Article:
Coronavirus may yet bring out the best in us – Murdo Fraser

Jawad Javed delivers coronavirus protection kits that he and his wife have put together for elderly and vulnerable people in Stenhousemuir (Picture: Andy Buchanan/Digital/AFP via Getty Images)Jawad Javed delivers coronavirus protection kits that he and his wife have put together for elderly and vulnerable people in Stenhousemuir (Picture: Andy Buchanan/Digital/AFP via Getty Images)
Jawad Javed delivers coronavirus protection kits that he and his wife have put together for elderly and vulnerable people in Stenhousemuir (Picture: Andy Buchanan/Digital/AFP via Getty Images) | © Andy Buchanan 2020 All Rights Reserved.1/2 212 Battlefield RoadGlasgowG42 9HN07939 [email protected]
As the coronavirus outbreak spreads, some people having been panic-buying and spreading misinformation. But many other have been offering a helping hand, writes Murdo Fraser.

It isn’t hard to get depressed about the state of human nature, looking at photographs in the media of supermarket shelves stripped bare by members of the public panic buying. It is, I suppose, an understandable human reaction when faced with the prospect of shortages, to try and protect yourself and your own family. But there is clearly a wider societal impact from this herd mentality, with those who are in need of vital supplies finding themselves unable to access them.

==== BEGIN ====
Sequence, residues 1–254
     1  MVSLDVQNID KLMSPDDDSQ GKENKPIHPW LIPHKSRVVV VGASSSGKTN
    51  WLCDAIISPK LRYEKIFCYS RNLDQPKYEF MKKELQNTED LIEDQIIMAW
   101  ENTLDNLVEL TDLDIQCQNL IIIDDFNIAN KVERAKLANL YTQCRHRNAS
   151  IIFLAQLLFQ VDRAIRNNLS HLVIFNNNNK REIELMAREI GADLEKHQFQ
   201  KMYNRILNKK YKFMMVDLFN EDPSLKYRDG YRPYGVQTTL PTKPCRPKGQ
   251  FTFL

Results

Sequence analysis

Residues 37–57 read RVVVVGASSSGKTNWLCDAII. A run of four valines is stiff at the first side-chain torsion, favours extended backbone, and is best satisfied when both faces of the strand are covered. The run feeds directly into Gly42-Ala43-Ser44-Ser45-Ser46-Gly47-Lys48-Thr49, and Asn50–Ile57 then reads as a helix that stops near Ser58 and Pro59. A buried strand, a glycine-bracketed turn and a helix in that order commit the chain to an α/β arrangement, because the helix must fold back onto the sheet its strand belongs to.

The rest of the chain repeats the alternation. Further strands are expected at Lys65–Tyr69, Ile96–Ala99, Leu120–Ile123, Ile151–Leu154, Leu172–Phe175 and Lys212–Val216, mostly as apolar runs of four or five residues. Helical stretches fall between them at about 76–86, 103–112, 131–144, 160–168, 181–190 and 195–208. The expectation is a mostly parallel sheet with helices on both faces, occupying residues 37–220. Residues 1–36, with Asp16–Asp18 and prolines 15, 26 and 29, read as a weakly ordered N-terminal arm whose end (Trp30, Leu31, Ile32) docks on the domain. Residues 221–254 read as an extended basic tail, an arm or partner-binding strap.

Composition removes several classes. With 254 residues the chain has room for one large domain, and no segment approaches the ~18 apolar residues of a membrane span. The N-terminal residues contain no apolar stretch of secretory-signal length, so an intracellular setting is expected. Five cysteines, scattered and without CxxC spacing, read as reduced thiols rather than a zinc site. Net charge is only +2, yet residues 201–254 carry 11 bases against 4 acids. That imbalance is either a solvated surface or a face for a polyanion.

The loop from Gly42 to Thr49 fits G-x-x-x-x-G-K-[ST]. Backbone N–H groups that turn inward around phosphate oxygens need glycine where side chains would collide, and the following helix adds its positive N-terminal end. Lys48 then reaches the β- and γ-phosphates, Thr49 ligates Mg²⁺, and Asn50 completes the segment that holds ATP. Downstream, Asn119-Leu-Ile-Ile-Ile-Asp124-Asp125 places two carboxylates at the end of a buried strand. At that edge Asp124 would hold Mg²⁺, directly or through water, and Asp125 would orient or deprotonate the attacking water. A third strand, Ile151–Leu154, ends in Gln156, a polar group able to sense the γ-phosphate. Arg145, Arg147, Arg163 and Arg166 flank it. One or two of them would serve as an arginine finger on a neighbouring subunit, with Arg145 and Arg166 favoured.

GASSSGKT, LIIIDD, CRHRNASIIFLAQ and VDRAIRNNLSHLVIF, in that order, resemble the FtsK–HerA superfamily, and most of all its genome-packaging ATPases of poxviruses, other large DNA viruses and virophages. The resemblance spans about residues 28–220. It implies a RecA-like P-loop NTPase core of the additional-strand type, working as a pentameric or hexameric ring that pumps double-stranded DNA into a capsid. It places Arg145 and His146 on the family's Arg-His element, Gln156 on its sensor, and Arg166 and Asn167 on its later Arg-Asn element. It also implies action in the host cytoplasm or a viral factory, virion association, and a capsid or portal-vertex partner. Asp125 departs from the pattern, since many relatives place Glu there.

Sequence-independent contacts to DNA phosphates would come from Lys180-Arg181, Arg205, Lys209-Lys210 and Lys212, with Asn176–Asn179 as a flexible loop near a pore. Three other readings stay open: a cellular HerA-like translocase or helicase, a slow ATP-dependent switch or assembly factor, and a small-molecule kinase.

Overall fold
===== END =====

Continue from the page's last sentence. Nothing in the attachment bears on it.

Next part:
Large retailers across the country have been very clear that there is no issue with supply chains, and there is plenty of food, and provisions such as toilet paper, to go around. The shortages are being created only by those acting selfishly and irresponsibly, not helped by the images circulating in the media, and on social media. With the latest advice being that those in the most vulnerable groups should self-isolate for 12 weeks, it is more essential than ever that they have access to the vital supplies that they require. For the rest of us, trips to the supermarket, or reliance on home delivery services, should mean that there is absolutely no need for households having several weeks’ worth of supplies in storage.

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Neither is the situation helped by the number of armchair experts expressing their views on social media, or on radio phone-in broadcasts, questioning the science behind decisions taken by Governments. Some of this, sad to say, seems to be driven by political considerations, where those who dislike the Prime Minister and his Government are losing no opportunity to criticise their approach.

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Significant in this is the fact that there is virtually no difference whatsoever in the approach being taken by the UK and Scottish Governments; both are based upon the best scientific advice available. Indeed, after a period of constitutional warfare between our two Governments, it is good to see both singing from the same hymn sheet when it comes to these most serious issues.